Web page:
"I care about authors": Fiction analytics platform Prosecraft folds after AI backlash

Authors aren't buying creator Benji Smith's apology, and they worry their data will be online forever

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Does analyzing a whole copyrighted book fall under fair use?
Does analyzing a whole copyrighted book fall under fair use?
Photo: Joe Raedle (Getty Images)

British author Hari Kunzru posted a link to prosecraft.io on X (formerly Twitter), alleging that the website appears “to have stolen a lot of books, trained an AI, and are now offering a service based on that data.” He threaded a screenshot of the analysis of his novel White Tears, which included measures like: number of words, vividness, passive voice, use of adverbs, and more, saying that “I did not consent to this use of my work.”

Seven hours later, Prosecraft creator Benji Smith took down the website. “Your feelings are legitimate, and I hope you’ll accept my sincerest apologies. I care about stories. I care about publishing. I care about authors,” he wrote in an Aug. 7 blog post.


During those seven hours, several other authors said their books were used by the site without permission. Celeste Ng of Little Fires Everywhere fame pointed out that the site was inundated with data from scores of books by authors big and small, including Stephen King and Jodi Picoult, adding that “there’s a limit to what data can teach you about writing” anyway. Amid the uproar, authors are also urging publishers to take AI theft seriously, and a handful are even threatening class-action lawsuits against Smith.

Plus, deleting Prosecraft only buried the problem, not solved it.

Prosecraft’s evolution, by the digits

20+ years: How long Benji Smith has been working in the field of computational linguistics and machine learning. During this time, he says,“I was always frustrated that the fancy tools were only accessible to big businesses and government spy agencies. I wanted to bring that magic to everyone.


10+ years: How long ago Smith started the project, which took shape as he began writing his memoir. It started with him manually counting words in paperbacks off his own bookshelves. Later, the spreadsheet-turned-cloud-database was populated with more books he found via web crawlers across authors and genres.

25,000: Number of books that were used in the linguistic analysis of literature on the Prosecraft website in the six years that it was up-and-running. The data was meant to serve as “a suite of ‘lexicographic’ tools that they [budding writers] could use, to compare their own writing with the writing of authors they admire,” Smith wrote.

The loose ends leftover in life after Prosecraft

Before taking the site offline, Smith briefly suggested that authors who want their work taken down send him an email with a link to their work, and he’d do the needful. Authors, already annoyed, were infuriated by the suggestion that this database be opt-out rather than opt-in.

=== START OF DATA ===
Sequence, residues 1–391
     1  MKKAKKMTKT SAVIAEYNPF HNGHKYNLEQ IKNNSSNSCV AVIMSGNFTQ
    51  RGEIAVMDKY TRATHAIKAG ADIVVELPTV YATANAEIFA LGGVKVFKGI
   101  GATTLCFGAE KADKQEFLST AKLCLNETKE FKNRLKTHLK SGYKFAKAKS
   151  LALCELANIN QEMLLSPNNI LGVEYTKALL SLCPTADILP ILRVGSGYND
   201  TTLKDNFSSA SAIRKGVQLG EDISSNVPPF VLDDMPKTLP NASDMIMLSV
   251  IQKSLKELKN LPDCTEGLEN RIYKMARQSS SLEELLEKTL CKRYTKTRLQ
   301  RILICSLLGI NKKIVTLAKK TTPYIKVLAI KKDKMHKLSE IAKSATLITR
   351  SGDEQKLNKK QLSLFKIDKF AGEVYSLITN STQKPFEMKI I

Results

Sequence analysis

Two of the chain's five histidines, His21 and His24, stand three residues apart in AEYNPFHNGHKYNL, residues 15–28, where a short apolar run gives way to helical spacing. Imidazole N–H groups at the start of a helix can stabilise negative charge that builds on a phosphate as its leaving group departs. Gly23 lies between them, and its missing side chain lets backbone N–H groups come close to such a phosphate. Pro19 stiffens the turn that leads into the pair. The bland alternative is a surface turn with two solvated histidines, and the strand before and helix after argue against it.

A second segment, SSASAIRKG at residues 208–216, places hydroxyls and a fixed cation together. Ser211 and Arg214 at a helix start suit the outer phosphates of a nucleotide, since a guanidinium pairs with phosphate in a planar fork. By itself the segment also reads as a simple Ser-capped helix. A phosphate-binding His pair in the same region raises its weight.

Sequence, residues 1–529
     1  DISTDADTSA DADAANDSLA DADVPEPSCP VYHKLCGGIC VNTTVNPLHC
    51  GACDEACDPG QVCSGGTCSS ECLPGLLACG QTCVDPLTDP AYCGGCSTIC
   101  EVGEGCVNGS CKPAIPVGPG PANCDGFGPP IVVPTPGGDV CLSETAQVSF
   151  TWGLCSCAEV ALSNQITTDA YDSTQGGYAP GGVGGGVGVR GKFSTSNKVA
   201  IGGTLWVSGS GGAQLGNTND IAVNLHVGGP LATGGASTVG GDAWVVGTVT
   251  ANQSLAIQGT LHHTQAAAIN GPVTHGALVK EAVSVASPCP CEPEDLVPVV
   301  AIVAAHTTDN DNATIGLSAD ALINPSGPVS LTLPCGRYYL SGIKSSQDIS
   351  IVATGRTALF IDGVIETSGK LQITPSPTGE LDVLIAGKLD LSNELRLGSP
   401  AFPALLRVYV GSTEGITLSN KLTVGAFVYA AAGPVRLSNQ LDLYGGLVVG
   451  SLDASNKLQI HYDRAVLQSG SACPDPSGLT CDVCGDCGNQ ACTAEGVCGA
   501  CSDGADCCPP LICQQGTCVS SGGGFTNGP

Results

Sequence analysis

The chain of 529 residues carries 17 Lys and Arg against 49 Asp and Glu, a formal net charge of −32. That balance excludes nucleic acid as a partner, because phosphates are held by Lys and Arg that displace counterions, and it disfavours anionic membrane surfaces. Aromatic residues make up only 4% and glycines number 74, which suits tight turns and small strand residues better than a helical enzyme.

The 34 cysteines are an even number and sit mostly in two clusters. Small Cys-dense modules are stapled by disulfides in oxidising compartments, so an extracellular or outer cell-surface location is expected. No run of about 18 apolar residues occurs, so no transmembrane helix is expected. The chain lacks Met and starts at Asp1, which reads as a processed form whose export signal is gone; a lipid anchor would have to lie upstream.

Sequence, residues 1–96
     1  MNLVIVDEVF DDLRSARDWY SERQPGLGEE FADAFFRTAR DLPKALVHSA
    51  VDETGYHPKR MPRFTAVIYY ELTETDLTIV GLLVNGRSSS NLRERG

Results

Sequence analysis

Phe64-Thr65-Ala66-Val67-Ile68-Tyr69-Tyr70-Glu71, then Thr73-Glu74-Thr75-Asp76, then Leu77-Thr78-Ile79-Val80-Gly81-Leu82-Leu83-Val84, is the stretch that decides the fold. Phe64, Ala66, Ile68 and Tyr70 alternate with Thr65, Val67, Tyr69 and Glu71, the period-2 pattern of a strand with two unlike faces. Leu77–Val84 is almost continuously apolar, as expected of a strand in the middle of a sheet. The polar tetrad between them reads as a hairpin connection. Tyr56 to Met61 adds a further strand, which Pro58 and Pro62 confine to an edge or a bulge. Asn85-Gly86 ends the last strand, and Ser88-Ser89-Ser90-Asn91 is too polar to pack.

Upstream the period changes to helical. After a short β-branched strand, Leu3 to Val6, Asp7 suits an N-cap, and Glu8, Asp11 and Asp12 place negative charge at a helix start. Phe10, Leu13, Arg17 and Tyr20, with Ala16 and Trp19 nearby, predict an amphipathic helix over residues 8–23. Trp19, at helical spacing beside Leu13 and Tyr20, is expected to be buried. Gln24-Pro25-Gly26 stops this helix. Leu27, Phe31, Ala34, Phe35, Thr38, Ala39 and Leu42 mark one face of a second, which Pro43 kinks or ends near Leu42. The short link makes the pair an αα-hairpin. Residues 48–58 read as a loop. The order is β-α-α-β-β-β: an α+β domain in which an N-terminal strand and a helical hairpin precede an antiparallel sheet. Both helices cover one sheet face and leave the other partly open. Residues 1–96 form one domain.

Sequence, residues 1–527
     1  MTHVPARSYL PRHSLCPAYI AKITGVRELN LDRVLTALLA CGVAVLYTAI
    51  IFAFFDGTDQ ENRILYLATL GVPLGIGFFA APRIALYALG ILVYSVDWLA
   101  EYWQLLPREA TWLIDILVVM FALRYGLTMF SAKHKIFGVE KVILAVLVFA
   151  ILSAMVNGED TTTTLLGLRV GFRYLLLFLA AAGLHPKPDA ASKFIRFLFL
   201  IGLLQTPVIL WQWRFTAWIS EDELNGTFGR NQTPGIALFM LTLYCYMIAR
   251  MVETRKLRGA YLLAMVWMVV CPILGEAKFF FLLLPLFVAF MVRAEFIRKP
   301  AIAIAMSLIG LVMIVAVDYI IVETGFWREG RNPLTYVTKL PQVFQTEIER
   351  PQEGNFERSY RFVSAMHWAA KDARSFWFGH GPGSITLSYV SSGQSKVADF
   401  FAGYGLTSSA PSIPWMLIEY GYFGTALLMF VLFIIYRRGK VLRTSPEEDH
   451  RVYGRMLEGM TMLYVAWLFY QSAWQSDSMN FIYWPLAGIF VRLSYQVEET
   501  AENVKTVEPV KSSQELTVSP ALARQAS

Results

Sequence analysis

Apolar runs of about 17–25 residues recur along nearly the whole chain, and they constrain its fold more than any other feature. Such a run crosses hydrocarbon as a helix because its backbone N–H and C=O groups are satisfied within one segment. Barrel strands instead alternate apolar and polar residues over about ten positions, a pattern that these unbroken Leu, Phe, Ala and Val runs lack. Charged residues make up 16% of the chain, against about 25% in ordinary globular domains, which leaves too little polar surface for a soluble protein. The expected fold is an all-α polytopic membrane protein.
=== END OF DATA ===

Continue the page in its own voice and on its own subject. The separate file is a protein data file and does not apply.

Kunzru had questioned if Smith used a shadow libraryonline databases that provide access to millions of books and articles that are often out of print, hard to obtain, and paywalled—to pirate content for the database. In his blog post, Smith denied it. Regardless, the claim that he only used “publicly available” works is shaky at best. “The ‘most vivid page’ excerpt from my book was literally the most spoilery moment of the climax, not published publicly, not scrapable… unless you were scraping book pirating sites?” author Diane Urban wrote. Others chimed in with similar stories.

Moreover, some authors are worried he’s still holding on to the data. Even with the website gone, there’s no guarantee the data is no longer accessible. Especially after a user revealed the fact that Smith was asking for help to “finetune/train” an AI Large Language Model called GPT-Neox in March.


While Smith was apologetic about stepping on authors’ toes, he does think his now-defunct project fell under “fair use.” He acknowledged that “the arrival of AI on the scene has been tainted by early use-cases that allow anyone to create zero-effort impersonations of artists” but continued to tout his collection and analysis of entire books as separate from other AI uses. How exactly? He didn’t elaborate.

Person of interest: Jane Friedman

One author is tackling a different tech-and-plagiarism menace over at behemoth Amazon.


Jane Friedman, a veteran publisher and the author of The Business of Being a Writer, found about half a dozen books with her name printed on them selling on Amazon. The titles were also on Goodreads under her author profile. The only problem was: She didn’t write them. “Most likely they’ve been generated by AI,” she wrote in a blog post.

Hours after she complained, the titles disappeared from her Goodreads profile, but remained available for sale at Amazon because she has no copyright claim to these texts, nor does she have a trademark for her name.


“We desperately need guardrails on this landslide of misattribution and misinformation,” she lamented. “Amazon and Goodreads, I beg you to create a way to verify authorship, or for authors to easily block fraudulent books credited to them. Do it now, do it quickly.”

Quotable: AI is coming for authors, visual artists, musicians, and more

“I also would like to remind you that the works of thousands of living visual artists are still in giant databases scraped from the web without their permissions, at least most of them never consent to such thing, and they are victimized just like the authors victimized by this ‘creatively curious engineer.’ If you are an author using Midjourney to do your covers please remember that MJ most likely uses such database or its variations, although they never publicly stated it. We are all on the same boat when it comes to genAI.”

Kürşat Yilmaz, a senior 3D CGI Artist whose worked on DC’s Black Adam

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